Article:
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Not All Ice Dams Are Created Equal

Species of ice dams

Courtesy of goldiesroom.org

A headache is not just a headache.  It can be a migraine.  Or a caffeine headache if you didn’t get your morning cup of coffee.  Or a hangover because you had a few too many the night before.  How to get rid of your headache depends on what type you have.

It’s similar with ice dams.  Although there’s only one good way to rid your roof of an ice dam (by steaming it), there are many different species of ice dams.  How easy or difficult it will be to remove your ice dam (or how time consuming it will be) depends on what type of ice dam is covering your roof.

Ice dams come in many different shapes and sizes based on where they’re formed.  Here are all the areas of your roof where ice dams tend to be most common:

– Along the overhangs of your roof / where the gutters are (or would be)

– In the valleys

– On or near the vents

– Around the chimney or exhaust vents/pipes

– Or any combination of the four

There are also two different types of ice that can form an ice dam:

Type 1: White, soft, honeycombed ice.  This is more common during warmer weather, when the low temps are above freezing (even at night) and ice begins to slowly and steadily thaw.

Type 2: Black, hard ice.  This type of ice dam tends to form in really cold weather.  (The ice isn’t literally black; it’s actually extremely clear, but just looks black when it’s covering dark shingles.)  This type of ice is most common when the weather is consistently below freezing (even during the warmest part of the day).

Each type of ice appears about 50% of the time.  They’re equally common, in my experience.  It really just depends on the average outdoor temperature.

The “black” ice usually takes longer to remove because it’s harder and denser than the softer, whiter variety.  It also tends to take longer to form on your roof – usually having melted and refrozen several times over the course of many weeks.

What type of ice does your ice dam consist of?  It’s hard to say until you’ve removed the snow that covers it and you’ve gotten a good look at it from an aerial view.  In some cases it’s impossible to tell until you’ve actually begun to steam it away.  Black ice almost always adheres to the shingles, whereas white ice typically has already “popped” free from the shingles.  In instances where the white ice has popped free from the shingles, steam can be directed into the tiny gap between the roofs surface and the ice.  This allows the removal of the ice dam to go much more smoothly, because instead of trying to melt the ice from the top down, you can “cut” large chunks of ice off the roof with a little bit of strategic steaming.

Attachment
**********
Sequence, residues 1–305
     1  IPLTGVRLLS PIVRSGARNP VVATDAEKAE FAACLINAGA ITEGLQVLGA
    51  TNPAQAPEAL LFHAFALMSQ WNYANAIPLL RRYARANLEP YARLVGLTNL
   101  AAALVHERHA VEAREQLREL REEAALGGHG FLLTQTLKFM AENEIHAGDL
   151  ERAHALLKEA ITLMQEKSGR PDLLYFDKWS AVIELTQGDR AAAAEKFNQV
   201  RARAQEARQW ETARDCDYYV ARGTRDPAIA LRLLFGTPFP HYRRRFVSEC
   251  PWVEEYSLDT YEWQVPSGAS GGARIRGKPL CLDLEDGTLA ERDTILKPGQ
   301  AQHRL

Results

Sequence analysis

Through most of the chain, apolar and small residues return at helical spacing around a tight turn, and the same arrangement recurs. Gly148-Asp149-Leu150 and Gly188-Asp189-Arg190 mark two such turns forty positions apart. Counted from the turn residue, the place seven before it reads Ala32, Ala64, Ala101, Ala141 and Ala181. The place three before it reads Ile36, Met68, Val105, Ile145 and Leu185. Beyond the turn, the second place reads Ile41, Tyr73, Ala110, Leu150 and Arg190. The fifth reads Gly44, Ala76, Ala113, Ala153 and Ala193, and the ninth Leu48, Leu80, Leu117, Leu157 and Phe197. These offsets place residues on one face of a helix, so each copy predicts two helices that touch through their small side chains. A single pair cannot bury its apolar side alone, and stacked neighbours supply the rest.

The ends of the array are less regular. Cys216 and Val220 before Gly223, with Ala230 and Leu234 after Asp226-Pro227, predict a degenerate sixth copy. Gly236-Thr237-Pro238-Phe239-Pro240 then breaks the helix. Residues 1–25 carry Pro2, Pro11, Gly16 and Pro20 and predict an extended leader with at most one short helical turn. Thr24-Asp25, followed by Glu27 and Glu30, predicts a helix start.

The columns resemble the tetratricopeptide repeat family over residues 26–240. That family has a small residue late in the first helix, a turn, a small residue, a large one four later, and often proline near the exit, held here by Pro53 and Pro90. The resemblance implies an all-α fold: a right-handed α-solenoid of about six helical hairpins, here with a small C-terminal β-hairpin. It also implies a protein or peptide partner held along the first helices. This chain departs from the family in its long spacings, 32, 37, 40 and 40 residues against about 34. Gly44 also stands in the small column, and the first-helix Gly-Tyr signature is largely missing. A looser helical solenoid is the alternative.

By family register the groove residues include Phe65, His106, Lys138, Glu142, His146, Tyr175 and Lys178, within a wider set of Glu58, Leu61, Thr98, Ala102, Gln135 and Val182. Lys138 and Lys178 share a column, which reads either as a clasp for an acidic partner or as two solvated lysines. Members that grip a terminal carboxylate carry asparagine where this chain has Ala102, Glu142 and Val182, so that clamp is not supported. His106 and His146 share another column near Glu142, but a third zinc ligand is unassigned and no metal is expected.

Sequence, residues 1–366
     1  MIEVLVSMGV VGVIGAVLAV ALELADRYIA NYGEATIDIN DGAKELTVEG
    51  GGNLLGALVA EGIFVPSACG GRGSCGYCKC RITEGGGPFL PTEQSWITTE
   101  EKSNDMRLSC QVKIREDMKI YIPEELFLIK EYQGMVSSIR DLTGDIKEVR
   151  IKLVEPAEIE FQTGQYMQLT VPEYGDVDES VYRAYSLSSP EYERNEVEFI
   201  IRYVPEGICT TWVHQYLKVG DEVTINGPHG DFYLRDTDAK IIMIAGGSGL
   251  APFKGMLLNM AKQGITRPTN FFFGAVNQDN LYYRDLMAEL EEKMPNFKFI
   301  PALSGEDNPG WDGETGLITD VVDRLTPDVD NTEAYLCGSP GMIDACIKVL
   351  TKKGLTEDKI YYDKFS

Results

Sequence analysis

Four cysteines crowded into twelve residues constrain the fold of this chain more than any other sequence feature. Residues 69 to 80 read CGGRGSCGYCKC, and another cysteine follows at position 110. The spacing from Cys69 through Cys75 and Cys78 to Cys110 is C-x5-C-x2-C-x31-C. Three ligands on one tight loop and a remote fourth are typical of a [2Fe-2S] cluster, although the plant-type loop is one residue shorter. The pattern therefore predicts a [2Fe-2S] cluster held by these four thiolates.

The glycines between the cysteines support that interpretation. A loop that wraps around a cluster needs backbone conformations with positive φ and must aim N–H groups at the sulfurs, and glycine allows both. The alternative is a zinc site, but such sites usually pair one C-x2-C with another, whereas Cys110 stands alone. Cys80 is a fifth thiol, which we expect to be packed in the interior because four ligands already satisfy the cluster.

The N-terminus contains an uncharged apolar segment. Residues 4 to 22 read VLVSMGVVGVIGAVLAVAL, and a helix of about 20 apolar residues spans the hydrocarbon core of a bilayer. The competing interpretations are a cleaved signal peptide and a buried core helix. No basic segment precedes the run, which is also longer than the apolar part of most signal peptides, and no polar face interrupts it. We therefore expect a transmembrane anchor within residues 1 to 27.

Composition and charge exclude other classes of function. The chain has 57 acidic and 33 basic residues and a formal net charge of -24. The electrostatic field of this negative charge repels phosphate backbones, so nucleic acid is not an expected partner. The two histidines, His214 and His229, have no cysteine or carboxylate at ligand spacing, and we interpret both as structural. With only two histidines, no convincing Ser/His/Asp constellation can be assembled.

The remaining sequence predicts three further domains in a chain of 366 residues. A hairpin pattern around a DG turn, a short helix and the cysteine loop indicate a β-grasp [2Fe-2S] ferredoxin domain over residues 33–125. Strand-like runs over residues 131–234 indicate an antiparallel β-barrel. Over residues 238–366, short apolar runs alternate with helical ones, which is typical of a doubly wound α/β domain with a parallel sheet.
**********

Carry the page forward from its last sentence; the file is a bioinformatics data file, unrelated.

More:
It’s not always the case that what you see is what you get.

Sometimes it may look like you have a 12-inch-thick ice dam along the edge of your overhang, but from the ground you may not know how far that ice extends up the slope of your roof.  Sometimes the ice crawls back 2-3 feet up your roof, or it may extend up 4-10 feet (or more).

You probably won’t know how far the ice dam goes up your roof (towards the peak) until you’ve removed all the snow that’s covering the ice dam.  We’ve seen ice dams that stretch all the way to the peak of the roof!  Never judge a book by its cover – or underestimate the size of an ice dam.

Long story short…an ice dam is not an ice dam.  This is precisely why a professional ice dam removal company will always work “by the hour” and not “by the job”

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Written by on April 14, 2013

2 comments

  1. Well-written site, Joe. Only found one typo so far: “to” instead of “too”.

    However, I fail to get the meaning of this line:

    Long story short… an ice dam is not an ice dam …This is precisely why a professional ice dam removal company will always work “by the hour” and not “by the job”

    Comment by Dave Goldberg
    April 30, 2013

  2. What I was trying to relay is that not all ice dams are created the same “an ice dam is not an ice dam”. Maybe I could have worded that better.

    Comment by Joe Palumbo
    January 15, 2014

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